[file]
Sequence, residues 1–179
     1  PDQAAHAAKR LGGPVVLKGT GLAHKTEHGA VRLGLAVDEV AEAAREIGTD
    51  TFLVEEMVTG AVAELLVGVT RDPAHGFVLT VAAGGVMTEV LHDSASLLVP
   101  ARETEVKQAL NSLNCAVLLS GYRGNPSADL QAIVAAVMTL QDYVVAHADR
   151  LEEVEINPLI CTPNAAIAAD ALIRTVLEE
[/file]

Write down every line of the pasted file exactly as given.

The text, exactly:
Sequence, residues 1–179
     1  PDQAAHAAKR LGGPVVLKGT GLAHKTEHGA VRLGLAVDEV AEAAREIGTD
    51  TFLVEEMVTG AVAELLVGVT RDPAHGFVLT VAAGGVMTEV LHDSASLLVP
   101  ARETEVKQAL NSLNCAVLLS GYRGNPSADL QAIVAAVMTL QDYVVAHADR
   151  LEEVEINPLI CTPNAAIAAD ALIRTVLEE